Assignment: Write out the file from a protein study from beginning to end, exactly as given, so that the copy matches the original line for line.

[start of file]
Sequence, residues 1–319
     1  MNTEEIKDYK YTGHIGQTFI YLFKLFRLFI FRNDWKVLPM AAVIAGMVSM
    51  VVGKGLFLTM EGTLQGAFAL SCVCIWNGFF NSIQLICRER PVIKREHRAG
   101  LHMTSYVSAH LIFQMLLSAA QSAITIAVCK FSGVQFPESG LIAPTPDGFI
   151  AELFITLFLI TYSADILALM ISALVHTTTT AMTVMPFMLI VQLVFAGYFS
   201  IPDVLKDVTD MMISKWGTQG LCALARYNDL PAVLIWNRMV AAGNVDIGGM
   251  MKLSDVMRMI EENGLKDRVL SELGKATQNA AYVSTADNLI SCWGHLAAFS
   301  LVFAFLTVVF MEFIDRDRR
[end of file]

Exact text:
Sequence, residues 1–319
     1  MNTEEIKDYK YTGHIGQTFI YLFKLFRLFI FRNDWKVLPM AAVIAGMVSM
    51  VVGKGLFLTM EGTLQGAFAL SCVCIWNGFF NSIQLICRER PVIKREHRAG
   101  LHMTSYVSAH LIFQMLLSAA QSAITIAVCK FSGVQFPESG LIAPTPDGFI
   151  AELFITLFLI TYSADILALM ISALVHTTTT AMTVMPFMLI VQLVFAGYFS
   201  IPDVLKDVTD MMISKWGTQG LCALARYNDL PAVLIWNRMV AAGNVDIGGM
   251  MKLSDVMRMI EENGLKDRVL SELGKATQNA AYVSTADNLI SCWGHLAAFS
   301  LVFAFLTVVF MEFIDRDRR